4.1 MCIMPL-- Three-Dimensional Monte-Carlo Ion Implantation

Ion implantation is the most widely used mechanism to introduce dopant atoms into a semiconductor region. The semiconductor is thereby exposed to an ion beam that hits the semiconductor surface. Ions enter the material through the surface and travel through the material until they reach the final position. The parameters that control the implantation process are implantation dose, beam energy, dopant species, and the angles (tilt angle, twist angle) under which the beam hits the surface.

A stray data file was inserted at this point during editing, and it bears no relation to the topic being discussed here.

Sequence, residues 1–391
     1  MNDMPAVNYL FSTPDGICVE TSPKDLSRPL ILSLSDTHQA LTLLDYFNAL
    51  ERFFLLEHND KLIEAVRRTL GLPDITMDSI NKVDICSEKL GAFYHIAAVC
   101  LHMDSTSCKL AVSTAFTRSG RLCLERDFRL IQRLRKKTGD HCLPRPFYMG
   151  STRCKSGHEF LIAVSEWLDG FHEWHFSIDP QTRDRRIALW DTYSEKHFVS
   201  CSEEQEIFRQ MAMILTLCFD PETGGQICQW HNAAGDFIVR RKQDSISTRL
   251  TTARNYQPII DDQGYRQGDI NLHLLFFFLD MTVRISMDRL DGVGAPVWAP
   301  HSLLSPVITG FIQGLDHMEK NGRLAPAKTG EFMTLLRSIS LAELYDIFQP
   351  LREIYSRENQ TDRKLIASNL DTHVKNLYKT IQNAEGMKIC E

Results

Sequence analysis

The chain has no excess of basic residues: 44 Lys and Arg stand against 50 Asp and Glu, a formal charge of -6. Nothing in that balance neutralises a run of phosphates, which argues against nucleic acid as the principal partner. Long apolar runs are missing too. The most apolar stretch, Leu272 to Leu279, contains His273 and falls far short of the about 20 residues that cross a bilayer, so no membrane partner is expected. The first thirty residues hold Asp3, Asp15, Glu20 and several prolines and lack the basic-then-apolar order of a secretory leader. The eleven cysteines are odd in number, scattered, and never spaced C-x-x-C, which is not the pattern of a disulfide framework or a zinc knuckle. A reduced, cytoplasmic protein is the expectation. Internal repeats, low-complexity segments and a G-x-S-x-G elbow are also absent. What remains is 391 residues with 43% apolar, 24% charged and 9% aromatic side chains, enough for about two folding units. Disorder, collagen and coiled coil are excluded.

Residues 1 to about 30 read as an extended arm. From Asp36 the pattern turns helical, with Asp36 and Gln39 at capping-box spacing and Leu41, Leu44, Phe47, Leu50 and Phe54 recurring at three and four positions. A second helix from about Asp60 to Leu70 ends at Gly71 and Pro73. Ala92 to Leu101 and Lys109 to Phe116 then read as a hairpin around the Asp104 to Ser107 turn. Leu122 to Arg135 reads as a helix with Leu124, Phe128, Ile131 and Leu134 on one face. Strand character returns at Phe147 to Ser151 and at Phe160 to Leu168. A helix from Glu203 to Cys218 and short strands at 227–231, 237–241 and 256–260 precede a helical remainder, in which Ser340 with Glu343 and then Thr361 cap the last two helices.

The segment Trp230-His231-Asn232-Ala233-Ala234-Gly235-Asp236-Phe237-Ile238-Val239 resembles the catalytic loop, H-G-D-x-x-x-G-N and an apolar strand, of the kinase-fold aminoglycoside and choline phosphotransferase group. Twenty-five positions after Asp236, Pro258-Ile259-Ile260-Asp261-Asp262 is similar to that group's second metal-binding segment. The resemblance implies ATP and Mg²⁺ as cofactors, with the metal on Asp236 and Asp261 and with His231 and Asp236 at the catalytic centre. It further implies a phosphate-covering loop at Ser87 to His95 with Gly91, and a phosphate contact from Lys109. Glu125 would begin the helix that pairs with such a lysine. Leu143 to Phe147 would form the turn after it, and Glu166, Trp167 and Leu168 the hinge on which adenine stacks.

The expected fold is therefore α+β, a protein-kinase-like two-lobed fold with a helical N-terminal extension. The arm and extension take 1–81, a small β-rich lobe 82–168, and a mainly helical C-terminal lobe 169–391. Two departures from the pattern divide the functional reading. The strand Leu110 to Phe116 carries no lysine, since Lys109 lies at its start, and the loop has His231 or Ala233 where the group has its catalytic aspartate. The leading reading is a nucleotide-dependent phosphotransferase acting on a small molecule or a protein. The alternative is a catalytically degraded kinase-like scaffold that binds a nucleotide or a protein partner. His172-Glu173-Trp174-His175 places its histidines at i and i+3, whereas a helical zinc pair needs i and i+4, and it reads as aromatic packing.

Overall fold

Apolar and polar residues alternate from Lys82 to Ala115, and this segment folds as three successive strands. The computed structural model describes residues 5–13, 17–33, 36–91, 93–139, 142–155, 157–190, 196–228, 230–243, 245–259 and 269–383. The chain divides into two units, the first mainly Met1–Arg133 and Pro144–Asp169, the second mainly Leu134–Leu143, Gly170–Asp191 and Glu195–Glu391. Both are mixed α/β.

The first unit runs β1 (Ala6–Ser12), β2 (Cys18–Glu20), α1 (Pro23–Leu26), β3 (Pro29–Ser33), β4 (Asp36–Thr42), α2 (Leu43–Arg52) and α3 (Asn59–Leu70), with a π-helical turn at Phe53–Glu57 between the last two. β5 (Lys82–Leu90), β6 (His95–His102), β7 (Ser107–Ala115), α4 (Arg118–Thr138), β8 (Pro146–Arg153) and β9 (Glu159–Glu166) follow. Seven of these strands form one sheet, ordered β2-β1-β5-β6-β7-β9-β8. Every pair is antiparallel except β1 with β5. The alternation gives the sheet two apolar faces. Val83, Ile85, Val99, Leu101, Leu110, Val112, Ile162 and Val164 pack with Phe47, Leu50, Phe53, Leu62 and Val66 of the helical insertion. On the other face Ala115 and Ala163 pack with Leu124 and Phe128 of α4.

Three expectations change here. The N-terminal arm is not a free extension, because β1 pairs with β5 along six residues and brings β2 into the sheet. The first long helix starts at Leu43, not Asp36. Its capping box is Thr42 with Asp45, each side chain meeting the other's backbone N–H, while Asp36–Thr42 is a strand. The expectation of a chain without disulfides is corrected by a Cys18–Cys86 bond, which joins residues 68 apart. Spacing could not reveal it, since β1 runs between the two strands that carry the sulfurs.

The ion implantation technique can be accurately simulated by computing the trajectories of individual ions through the semiconductor region. As a particle travels through the material it loses energy by interacting with the atoms of the target material. Such collisions and therefrom resulting momentum changes are computed for every ion. The resulting implantation profile is finally given as the statistical distribution of the final positions of the implanted particles. The accuracy of the simulated profile directly corresponds to the number of simulated ions. A drawback of the Monte-Carlo simulation technique is its comparably large amount of computing power, which can be in the order of one to several days on modern computing environment. A full description of the Monte-Carlo algorithm as it is implemented in MCIMPL can be found in [55].